At times, patients as well as healthcare entities may have to share confidential health information, mainly related to mental health to enhance patient treatment or for reimbursement. The Health Insurance Portability and Accountability Act of 1996 (HIPAA) has developed regulations to protect the privacy and security of health information. Healthcare organizations must be compliant with HIPAA regulations and state privacy rules while sharing patient records as well as while outsourcing medical transcription tasks. With the rise in opioid crisis, the Office for Civil Rights has launched two new websites – one for patients and their families and another for providers to reorganize existing HIPAA provisions to make the guidance more user-friendly. These sites clarify the circumstances under which HIPAA allows covered entities to disclose information, especially that related to mental health and substance use disorders, to family and caregivers.
On January 3, 2018, The Substance Abuse and Mental Health Services Administration (SAMHSA), part of the U.S. Department of Health and Human Services (HHS) released the final rule on how patient records related to substance use disorders should be used. The rule that goes into effect on February 2, 2018, makes changes to the regulations on 42 CFR Part 2 that aims at supporting payment and healthcare operations activities while protecting the confidentiality of patients.
In January 2017, SAMHSA updated these Part 2 rules which provided greater flexibility in disclosing patient identifying information within the healthcare system while continuing to address the need to protect the confidentiality of substance use disorder patient records.
Under Part 2 written in 1975, a federally assisted substance use disorder program may only release patient identifying information with the individual’s written consent, pursuant to a court order, or under a few limited exceptions. However, the latest rule will permit healthcare providers to more easily conduct activities such as quality improvement, claims management, patient safety training, and program integrity efforts with the patients’ consent.
SAMHSA’s steps to modernize Part 2 include:
- An option for an abbreviated re-disclosure prohibition notice in recognition of electronic medical record (EMR) character limitations
- Lawful holders of Part 2 data may disclose data to contractors, subcontractors and legal representatives for payment and healthcare operations-related purposes without specific consent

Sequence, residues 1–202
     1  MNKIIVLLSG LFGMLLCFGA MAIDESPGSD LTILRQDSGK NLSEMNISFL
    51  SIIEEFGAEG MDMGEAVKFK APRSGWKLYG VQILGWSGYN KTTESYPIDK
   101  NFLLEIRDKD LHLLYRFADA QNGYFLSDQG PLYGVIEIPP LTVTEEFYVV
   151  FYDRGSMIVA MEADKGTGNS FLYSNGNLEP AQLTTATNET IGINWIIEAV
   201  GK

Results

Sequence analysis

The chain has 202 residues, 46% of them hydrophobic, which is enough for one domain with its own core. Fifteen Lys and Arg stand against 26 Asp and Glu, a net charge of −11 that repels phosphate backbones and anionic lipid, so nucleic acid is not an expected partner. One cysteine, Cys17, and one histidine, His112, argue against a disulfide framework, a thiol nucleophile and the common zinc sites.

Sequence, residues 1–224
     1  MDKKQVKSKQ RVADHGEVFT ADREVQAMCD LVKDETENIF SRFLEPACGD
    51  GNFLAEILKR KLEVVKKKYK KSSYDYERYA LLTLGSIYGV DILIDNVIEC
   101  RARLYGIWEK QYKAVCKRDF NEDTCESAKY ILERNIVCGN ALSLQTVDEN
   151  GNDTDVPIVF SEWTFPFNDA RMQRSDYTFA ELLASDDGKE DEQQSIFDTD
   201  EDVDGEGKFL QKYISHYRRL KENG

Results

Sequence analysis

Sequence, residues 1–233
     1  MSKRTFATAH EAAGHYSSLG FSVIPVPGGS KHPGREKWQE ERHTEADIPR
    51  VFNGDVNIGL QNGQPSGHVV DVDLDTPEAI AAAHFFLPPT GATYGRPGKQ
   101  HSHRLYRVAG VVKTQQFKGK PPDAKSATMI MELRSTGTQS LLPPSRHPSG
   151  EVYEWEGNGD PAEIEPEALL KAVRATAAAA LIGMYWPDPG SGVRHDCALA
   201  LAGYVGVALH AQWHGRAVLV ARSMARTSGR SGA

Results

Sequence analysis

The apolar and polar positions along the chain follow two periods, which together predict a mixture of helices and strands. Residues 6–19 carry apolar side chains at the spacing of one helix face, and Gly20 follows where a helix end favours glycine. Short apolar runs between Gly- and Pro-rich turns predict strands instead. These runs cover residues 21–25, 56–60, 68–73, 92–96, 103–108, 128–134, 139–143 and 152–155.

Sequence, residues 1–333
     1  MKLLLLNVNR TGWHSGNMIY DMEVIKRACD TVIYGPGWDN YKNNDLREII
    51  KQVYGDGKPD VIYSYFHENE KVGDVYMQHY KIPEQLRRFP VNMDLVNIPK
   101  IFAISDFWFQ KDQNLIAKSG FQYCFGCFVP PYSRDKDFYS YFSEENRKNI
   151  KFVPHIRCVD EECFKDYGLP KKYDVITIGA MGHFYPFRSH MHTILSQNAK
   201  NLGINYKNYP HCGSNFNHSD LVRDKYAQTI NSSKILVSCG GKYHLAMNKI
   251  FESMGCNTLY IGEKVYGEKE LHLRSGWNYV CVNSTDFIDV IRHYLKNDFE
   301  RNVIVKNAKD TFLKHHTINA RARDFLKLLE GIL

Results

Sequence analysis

- Government entities funding Part 2 programs may have access to program information as necessary to conduct audits and evaluations without patient consent, and similarly may share Part 2 information with contractors, subcontractors and legal representatives for audit and evaluation purposes
With its updates to the 42 CFR Part 2 rules, SAMHSA aims at increasing opportunities for individuals with substance use disorders to participate in new and emerging health IT, facilitating data sharing within the healthcare system to support new models of integrated healthcare, improving patient safety while maintaining or strengthening privacy protections for individuals seeking treatment for substance use disorders and decreasing burdens associated with several aspects of the rule, including consent requirements.
Though SAMHSA has attempted to align this final rule with HIPAA based on the proposed revisions in the supplemental notice of proposed rulemaking (SNPRM) and the public comments received, this part 2 provides more stringent federal protections than most other health privacy laws, including HIPAA.
Several comments submitted for SNPRM claim that aligning part 2 with HIPAA could allow complete patient record sharing between providers, facilitate interoperability, improve compliance, and enhance privacy protections by making confidentiality restrictions more uniform across healthcare settings, promote innovative models of healthcare delivery, establish uniform, workable regulations with respect to treatment, payment and operations, improve patient care, and reduce stigma and potential harm to patients. Physicians specialized in psychiatry or behavioral medicine relying on medical transcription companies to document clinical notes, consultation notes, psychiatric evaluations, referral letters or discharge summaries must make sure that the company they partner with is experienced in providing HIPAA-compliant solutions.